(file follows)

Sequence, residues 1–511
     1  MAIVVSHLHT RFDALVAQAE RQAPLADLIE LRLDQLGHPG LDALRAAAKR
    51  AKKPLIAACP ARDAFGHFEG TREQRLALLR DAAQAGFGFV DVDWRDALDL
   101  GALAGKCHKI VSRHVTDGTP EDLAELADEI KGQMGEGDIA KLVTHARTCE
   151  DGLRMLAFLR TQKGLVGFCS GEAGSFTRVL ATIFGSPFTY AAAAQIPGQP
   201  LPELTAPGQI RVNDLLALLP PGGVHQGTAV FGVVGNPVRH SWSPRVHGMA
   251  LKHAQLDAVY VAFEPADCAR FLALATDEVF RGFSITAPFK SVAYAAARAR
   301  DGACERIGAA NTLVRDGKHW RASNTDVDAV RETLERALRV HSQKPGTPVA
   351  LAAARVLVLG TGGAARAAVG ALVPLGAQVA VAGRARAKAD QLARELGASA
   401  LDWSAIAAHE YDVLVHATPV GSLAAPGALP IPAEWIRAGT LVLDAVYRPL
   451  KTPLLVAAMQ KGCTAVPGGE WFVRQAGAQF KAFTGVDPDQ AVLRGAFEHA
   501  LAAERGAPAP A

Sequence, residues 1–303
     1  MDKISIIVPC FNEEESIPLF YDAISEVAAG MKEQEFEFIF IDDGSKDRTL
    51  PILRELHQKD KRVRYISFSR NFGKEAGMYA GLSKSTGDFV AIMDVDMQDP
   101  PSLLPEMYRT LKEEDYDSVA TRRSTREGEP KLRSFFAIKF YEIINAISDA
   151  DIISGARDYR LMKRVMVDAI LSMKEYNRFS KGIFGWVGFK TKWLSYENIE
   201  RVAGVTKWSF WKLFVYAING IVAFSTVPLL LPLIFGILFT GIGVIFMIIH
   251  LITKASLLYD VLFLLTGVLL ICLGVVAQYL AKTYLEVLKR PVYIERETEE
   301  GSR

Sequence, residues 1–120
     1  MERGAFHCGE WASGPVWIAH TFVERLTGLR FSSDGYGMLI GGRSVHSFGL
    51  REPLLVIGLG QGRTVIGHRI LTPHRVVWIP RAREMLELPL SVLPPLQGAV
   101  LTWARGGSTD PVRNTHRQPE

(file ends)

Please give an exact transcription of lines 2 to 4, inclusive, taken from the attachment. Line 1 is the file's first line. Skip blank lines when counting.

     1  MAIVVSHLHT RFDALVAQAE RQAPLADLIE LRLDQLGHPG LDALRAAAKR
    51  AKKPLIAACP ARDAFGHFEG TREQRLALLR DAAQAGFGFV DVDWRDALDL
   101  GALAGKCHKI VSRHVTDGTP EDLAELADEI KGQMGEGDIA KLVTHARTCE